2014 Season Preview: Atlanta Braves
2013 Record and Finish: 96-66, first place in NL East (third overall); lost in NLDS to Los Angeles
2014 Projected Record: 84-78, second place in NL East
The Case For
Atlanta returns most of the same roster for 2014 that easily cruised to an NL East title in 2013. On offense, the Braves are led by Freddie Freeman, who broke out with a .319/.396/.501 line in 629 plate appearances; his 144 OPS+ was sixth among all qualified National League hitters, and third best among first basemen, trailing only Arizona's Paul Goldschmidt (160) and Cincinnati's Joey Votto (154). And at just 24 years old, Freeman could be even better in 2014. Atlanta's lineup features plenty of other young players with considerable upside, including Justin Upton (26), Jason Heyward (24) and Andrelton Simmons (24). Simmons is far and away the best defensive shortstop in the game, and perhaps the best defender at any position in baseball. Ervin Santana and Julio Teheran give the Braves a potent 1-2 punch at the top of the rotation. Then there's the bullpen, anchored by MLB's top closer, Craig Kimbrel, who posted an eye-popping 98 strikeouts in 67 innings to go with 50 saves—and that was a down year for him, as far as strikeouts go.
The Case Against
Thanks to injuries and free-agent departures, the Braves will feature an almost entirely new and likely downgraded rotation for 2014. Kris Medlen and Brandon Beachy are both gone for the season and beyond after undergoing Tommy John surgery, and shoulder soreness has Mike Minor on the shelf as well. Things have gotten so bad in Atlanta that the team brought in veteran punching bag Aaron Harang (ERA+ of 68 in 143 1/3 innings last season for two teams) to fill the fifth starter role. 23-year-old Alex Wood will provide some rotation relief, but he'll likely be capped at 170 or so innings this year. That means a lot of innings to be soaked up by the Harangs of the world, especially if Minor's injury turns out to be more severe than originally thought. On offense, B.J. Upton and Dan Uggla are coming off horrific 2013 performances, Chris Johnson can be expected to regress (.394 batting average on balls in play last year), and the departure of Brian McCann forces the Braves to turn to the limited Evan Gattis at catcher.
X-Factor: Ervin Santana
Despite having a career season for the Royals last year (3.24 ERA, 127 ERA+ in 211 IP), the 31-year-old Santana found his employment options few and far between thanks to a qualifying offer that forced any signing team to give up a draft pick. As a result, Santana went unsigned until early March, when the losses of Medlen, Minor and Beachy forced the Braves to reinforce the rotation from outside by giving him a one-year, $14 million deal. Teheran is the Braves' ace, but Santana will be asked to assume a bigger role thanks to those aforementioned injuries. His career has been marked by frustration and inconsistency—the last time he posted a season as good as last year's, in 2008 with the Angels (127 ERA+, 219 IP), he followed it up with a dreadful 87+ ERA in 139 2/3 innings. Santana cut down on his homers allowed and walks last year, and the move from the AL to the NL should bode well for even better results. The Braves are going to need ace-level work from Santana every time out to have any hope of keeping the NL East crown.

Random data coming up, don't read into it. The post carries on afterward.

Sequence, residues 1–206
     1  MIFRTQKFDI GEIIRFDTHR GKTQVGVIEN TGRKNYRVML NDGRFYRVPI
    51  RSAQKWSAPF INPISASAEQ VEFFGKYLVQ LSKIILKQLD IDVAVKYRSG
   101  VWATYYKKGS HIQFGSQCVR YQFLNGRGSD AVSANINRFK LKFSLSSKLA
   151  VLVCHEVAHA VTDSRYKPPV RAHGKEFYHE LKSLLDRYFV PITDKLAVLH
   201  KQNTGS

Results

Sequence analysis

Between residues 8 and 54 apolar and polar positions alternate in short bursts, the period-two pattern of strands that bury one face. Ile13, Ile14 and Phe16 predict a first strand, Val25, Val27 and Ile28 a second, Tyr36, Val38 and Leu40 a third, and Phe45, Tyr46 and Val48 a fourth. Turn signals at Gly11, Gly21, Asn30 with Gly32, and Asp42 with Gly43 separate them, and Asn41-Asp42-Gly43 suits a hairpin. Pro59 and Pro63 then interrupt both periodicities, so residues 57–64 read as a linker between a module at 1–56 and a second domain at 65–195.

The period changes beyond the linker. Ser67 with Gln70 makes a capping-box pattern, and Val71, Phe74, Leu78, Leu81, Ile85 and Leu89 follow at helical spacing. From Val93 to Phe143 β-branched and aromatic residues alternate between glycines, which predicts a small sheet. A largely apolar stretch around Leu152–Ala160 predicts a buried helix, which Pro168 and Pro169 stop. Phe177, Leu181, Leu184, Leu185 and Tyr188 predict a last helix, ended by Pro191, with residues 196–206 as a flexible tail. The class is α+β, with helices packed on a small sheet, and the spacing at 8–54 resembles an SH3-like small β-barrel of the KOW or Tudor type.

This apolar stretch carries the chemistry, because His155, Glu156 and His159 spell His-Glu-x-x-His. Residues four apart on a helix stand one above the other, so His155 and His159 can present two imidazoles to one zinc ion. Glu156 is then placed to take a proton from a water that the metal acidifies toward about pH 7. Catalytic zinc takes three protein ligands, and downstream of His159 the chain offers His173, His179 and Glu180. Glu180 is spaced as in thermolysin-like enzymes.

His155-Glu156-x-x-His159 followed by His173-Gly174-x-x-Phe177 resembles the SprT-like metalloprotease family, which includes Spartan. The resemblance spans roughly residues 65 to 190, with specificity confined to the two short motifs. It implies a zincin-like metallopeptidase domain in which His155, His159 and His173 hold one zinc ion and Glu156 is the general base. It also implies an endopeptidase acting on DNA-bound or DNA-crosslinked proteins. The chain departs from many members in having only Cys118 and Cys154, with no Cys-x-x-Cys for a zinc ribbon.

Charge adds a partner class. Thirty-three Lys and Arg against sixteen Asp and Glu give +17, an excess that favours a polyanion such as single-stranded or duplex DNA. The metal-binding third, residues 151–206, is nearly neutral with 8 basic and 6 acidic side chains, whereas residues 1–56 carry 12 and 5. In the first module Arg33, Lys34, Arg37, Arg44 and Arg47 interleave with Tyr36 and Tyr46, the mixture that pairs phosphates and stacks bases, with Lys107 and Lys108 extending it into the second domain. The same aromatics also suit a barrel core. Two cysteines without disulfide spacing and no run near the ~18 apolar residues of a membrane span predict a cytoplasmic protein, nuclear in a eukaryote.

Number To Know: .181/290/.304
That was the collective batting line for Uggla and B.J. Upton in 839 at-bats. That the Braves managed to make the playoffs despite carrying Uggla and Upton in the lineup roughly all season is a testament to how good the rest of the team was—and how weak the rest of the division was—but Atlanta can't afford another performance like that out of the pair. There are decent options on the farm to replace Uggla and Upton if they start slow again: At second base, the Braves can call up Tommy La Stella, and in the outfield, they can bring up Joey Terdoslavich. But given that Uggla and Upton are both signed long-term (Uggla through 2015, Upton through 2017 for another $60 million), Atlanta would probably prefer the two rediscover their stroke.
Most overrated: Justin Upton
"He had a fast start last year, a lot of home runs in April, and then really didn’t do much the rest of the year. He’s not a superstar. He just has a lot of holes still. He tries to hit home runs too much, doesn’t make enough consistent contact. There’s a lot of talent there. It’s just translating it onto the field is tough at times"
Most underrated: Freddie Freeman
"As good a player as he is, he’s still underrated. He’s easily the best player on the team. Uses the whole field, has power, understands what he's trying to do at the plate. The reason they gave him such a long contract is they know his makeup is so good, he’s going to work really hard to be even better than he is now. You see him in batting practice, he works at his game, going the other way, pulls pitches he should be pulling. An MVP candidate, no question."
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